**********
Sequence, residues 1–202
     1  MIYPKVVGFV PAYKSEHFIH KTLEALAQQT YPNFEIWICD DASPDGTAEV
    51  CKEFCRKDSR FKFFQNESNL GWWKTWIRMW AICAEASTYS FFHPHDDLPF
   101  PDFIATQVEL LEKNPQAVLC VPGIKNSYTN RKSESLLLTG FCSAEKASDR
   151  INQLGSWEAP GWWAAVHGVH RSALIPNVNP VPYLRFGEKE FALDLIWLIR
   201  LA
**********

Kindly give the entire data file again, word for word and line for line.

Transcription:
Sequence, residues 1–202
     1  MIYPKVVGFV PAYKSEHFIH KTLEALAQQT YPNFEIWICD DASPDGTAEV
    51  CKEFCRKDSR FKFFQNESNL GWWKTWIRMW AICAEASTYS FFHPHDDLPF
   101  PDFIATQVEL LEKNPQAVLC VPGIKNSYTN RKSESLLLTG FCSAEKASDR
   151  INQLGSWEAP GWWAAVHGVH RSALIPNVNP VPYLRFGEKE FALDLIWLIR
   201  LA